The U.S. Air Force is planning to retire the fleet of the F-22 Raptor series in a time period of ten years, according to reports. On the other hand, Congress doesn’t seem to be satisfied with the decision of retiring the aircraft, as it considers it an early settlement, which might cause some problems in the early delivery of its replacement aircraft. The F-22s would have been replaced by the “Next Generation Air Dominance (NGAD) fighter jets”, having stealth technology and the capability to fly over long distances. It should be noted that there are around 183 F-22 Raptor jets currently in acquisition by the USAF and out of these, 123 jets have the capability to participate in combat missions. The remaining aircrafts are used for training purposes.
Coupled with this, the concept of these F-22 Raptors dates back to 1980, specifically in the Cold War era. Their design characteristics had been formulated at that time and they were subjected to conducting their operations from the air bases in Western Europe against Soviet and Warsaw Pact fighters. What’s more, the F-22 Raptors are designed to fly over medium ranges rather than long ranges. In order to compete worldwide, the USAF decided to retire these aircrafts and come up with something that could contend well against Russia’s Su-57 “Felon” and Chinese J-20 and FC-31 fighters. This is because it is an important activity in combat to cover long distances in order to attack the enemy aircraft with efficiency and never miss a target.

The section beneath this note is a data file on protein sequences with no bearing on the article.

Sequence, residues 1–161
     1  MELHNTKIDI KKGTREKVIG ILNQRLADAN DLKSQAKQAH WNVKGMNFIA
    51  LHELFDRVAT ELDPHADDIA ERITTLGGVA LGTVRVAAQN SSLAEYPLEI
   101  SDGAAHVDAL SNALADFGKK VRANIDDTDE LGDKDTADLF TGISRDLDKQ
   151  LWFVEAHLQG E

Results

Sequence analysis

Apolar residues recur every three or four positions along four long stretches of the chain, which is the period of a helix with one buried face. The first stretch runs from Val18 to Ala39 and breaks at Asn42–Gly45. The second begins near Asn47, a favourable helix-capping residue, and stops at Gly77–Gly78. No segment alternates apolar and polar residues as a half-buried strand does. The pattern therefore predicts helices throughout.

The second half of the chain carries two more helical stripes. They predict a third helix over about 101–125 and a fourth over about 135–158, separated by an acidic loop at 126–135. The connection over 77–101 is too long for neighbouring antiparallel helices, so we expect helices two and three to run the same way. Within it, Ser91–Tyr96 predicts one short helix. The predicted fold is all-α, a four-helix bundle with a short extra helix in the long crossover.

The most important thing about the latest and upcoming NGAD fighters is that they have been developed, maintained, and flown in just one year, i.e., in 2020. This means that the whole process just took one year to produce a complete masterpiece. On the other hand, the secretary of the USAF, Frank Kendall, said that these aircrafts will cost “multiple hundreds of millions of dollars” if we talk in comparison to F-35A Joint Strike Fighter jets that cost just around $70 million each. But on the other hand, for good reasons, it is advisable for the USAF to get their hands on the NGAD because it would rather be more costly to spend millions of dollars on the maintenance of F-22 Raptors.
To that end, it has been projected that these NGAD jets are capable enough to do wonders in the skies for a longer period of time, but Congress seems to prefer funding the existing F-22 Raptors for their maintenance rather than buying NGAD. However, according to the Airforce Times, “The service wants to retire 33 of the oldest combat-capable planes, known as Block 20, as part of its 2023 Defense budget request.” However, the new NGAD fighter jets have been scheduled to replace the existing fleet of Raptors by 2030.